The question remained about the transport of oxytocin, however. Electron microscopy images acquired from slices of the lumbar region ruled out the presence of synaptic vesicles or connections. Upon stimulation of exocytosis ex-vivo, they were able to observe oxytocin transport mediated by a more passive diffusion in extracellular spaces at non-synaptic sites.
Highlighting the importance of the study, Prof Sakamoto remarks, “Now that we have uncovered a novel neural mechanism-the ‘localized volume transmission’ of oxytocin from axons-involved in controlling male sexual function in the spinal cord, we can hope that this may lead to the development of treatments for male sexual dysfunction.”
This study thus presents a completely unprecedented role for oxytocin in male sexual function, in addition to its long-standing “female-centric” role. Learning more about this “love hormone” may indeed help us foster healthier and long-lasting loving relationships!
About this neuroscience research news
Source:Okayama University Contact: Hirotaka Sakamoto – Okayama University Image: The image is credited to Okayama University
Oxytocin Influences Male Sexual Activity via Non-synaptic Axonal Release in the Spinal Cord
•Oxytocin receptors are expressed in spinal ejaculation generator (SEG) neurons
•Oxytocin directly activates SEG neurons and influences male sexual function in rats
•Release of oxytocin in the lumbar spinal cord is not limited to conventional synapses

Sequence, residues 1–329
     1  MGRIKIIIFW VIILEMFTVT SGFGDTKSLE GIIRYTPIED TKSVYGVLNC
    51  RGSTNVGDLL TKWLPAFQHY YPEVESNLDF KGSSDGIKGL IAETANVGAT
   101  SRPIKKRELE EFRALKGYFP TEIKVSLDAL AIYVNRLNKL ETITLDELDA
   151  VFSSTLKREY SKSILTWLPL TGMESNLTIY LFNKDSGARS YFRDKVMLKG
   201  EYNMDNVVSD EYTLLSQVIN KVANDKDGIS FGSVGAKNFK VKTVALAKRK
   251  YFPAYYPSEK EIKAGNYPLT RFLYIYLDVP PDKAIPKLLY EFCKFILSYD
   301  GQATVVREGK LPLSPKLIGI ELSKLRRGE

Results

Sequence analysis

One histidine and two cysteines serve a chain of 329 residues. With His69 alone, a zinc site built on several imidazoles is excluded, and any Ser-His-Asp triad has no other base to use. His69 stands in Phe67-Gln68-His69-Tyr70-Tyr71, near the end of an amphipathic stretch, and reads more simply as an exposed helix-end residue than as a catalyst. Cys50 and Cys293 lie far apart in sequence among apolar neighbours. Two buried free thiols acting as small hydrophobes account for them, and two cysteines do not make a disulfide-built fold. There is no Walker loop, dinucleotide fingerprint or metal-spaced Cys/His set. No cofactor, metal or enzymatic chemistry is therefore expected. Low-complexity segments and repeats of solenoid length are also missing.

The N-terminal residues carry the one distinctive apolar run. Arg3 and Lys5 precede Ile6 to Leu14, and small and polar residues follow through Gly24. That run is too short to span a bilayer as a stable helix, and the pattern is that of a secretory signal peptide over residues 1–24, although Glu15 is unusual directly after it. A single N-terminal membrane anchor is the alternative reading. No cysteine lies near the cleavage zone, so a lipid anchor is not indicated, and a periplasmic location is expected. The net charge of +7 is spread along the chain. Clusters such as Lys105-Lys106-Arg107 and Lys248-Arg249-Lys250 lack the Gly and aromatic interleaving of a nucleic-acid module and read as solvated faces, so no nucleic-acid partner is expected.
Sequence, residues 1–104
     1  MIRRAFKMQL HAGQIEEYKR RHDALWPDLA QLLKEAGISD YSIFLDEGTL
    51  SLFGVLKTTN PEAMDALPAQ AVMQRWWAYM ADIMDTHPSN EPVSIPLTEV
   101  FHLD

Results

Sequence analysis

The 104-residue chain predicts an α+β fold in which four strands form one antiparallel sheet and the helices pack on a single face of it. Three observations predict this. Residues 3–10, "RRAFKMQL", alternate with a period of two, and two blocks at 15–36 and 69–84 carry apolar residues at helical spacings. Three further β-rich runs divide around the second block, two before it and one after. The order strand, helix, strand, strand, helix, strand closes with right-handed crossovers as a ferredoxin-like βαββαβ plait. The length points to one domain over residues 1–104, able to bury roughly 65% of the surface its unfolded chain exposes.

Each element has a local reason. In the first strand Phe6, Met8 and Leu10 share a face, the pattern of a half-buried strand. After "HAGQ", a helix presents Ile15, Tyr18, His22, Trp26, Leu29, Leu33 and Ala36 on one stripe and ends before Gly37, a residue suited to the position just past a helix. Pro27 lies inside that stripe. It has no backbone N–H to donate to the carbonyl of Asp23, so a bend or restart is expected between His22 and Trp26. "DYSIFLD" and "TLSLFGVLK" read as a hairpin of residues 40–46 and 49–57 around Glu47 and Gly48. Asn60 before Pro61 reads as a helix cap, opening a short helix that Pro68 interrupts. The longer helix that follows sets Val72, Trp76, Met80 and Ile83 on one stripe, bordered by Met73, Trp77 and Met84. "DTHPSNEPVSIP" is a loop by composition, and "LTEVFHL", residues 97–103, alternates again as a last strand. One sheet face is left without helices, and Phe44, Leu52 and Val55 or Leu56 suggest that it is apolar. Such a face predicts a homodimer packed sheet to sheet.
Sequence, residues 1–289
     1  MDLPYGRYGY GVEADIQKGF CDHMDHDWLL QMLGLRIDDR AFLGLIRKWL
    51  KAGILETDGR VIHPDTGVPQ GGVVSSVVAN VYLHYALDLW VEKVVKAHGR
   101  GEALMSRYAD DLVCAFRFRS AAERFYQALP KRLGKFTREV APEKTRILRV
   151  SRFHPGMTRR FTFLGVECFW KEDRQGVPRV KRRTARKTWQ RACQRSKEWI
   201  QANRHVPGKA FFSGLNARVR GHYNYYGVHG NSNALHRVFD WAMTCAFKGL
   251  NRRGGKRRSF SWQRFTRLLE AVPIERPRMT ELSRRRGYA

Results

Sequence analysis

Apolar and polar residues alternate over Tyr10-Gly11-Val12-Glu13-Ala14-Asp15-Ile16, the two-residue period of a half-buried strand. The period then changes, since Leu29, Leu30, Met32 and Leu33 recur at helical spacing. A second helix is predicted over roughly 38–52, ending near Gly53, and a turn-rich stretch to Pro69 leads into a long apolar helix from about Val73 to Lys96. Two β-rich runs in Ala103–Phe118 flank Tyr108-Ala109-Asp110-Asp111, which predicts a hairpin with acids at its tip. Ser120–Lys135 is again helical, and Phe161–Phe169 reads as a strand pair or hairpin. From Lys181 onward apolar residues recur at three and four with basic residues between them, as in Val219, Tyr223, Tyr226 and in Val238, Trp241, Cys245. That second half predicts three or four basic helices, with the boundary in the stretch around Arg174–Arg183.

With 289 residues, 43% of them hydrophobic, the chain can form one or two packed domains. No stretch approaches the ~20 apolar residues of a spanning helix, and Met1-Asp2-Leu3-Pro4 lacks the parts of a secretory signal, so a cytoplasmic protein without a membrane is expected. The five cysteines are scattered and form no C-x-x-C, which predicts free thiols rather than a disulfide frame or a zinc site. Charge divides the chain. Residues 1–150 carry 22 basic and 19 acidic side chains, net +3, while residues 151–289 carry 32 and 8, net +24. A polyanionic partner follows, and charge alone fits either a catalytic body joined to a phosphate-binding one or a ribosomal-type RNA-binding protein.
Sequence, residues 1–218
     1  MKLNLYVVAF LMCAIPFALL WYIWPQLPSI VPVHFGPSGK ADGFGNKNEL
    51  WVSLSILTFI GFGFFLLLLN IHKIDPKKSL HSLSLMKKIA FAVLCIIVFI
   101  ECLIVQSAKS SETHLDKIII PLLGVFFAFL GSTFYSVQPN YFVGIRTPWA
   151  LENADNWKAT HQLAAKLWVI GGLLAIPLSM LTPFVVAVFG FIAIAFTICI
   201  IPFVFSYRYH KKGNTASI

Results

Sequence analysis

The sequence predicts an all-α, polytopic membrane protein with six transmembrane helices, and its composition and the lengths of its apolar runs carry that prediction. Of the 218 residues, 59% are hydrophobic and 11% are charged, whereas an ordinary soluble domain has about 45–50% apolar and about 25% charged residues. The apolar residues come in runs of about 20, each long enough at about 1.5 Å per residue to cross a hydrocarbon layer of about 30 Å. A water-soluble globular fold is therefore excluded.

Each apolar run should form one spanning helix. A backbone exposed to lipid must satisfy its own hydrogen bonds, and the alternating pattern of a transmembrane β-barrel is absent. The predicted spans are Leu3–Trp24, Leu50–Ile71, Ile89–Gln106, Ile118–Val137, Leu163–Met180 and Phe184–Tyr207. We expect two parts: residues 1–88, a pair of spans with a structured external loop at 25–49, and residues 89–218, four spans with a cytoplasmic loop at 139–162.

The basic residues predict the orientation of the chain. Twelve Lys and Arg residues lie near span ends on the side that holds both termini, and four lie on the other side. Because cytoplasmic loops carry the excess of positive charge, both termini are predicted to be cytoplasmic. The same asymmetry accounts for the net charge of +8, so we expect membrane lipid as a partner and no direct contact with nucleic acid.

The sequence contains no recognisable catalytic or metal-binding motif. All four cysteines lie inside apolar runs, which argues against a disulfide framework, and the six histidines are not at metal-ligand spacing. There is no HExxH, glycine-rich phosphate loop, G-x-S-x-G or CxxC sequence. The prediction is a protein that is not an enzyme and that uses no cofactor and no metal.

•Released oxytocin acts by diffusion—a localized volume transmission—in the cord
Oxytocinergic neurons in the paraventricular nucleus of the hypothalamus that project to extrahypothalamic brain areas and the lumbar spinal cord play an important role in the control of erectile function and male sexual behavior in mammals. The gastrin-releasing peptide (GRP) system in the lumbosacral spinal cord is an important component of the neural circuits that control penile reflexes in rats, circuits that are commonly referred to as the “spinal ejaculation generator (SEG).” We have examined the functional interaction between the SEG neurons and the hypothalamo-spinal oxytocin system in rats. Here, we show that SEG/GRP neurons express oxytocin receptors and are activated by oxytocin during male sexual behavior. Intrathecal injection of oxytocin receptor antagonist not only attenuates ejaculation but also affects pre-ejaculatory behavior during normal sexual activity. Electron microscopy of potassium-stimulated acute slices of the lumbar cord showed that oxytocin-neurophysin-immunoreactivity was detected in large numbers of neurosecretory dense-cored vesicles, many of which are located close to the plasmalemma of axonal varicosities in which no electron-lucent microvesicles or synaptic membrane thickenings were visible. These results suggested that, in rats, release of oxytocin in the lumbar spinal cord is not limited to conventional synapses but occurs by exocytosis of the dense-cored vesicles from axonal varicosities and acts by diffusion—a localized volume transmission—to reach oxytocin receptors on GRP neurons and facilitate male sexual function.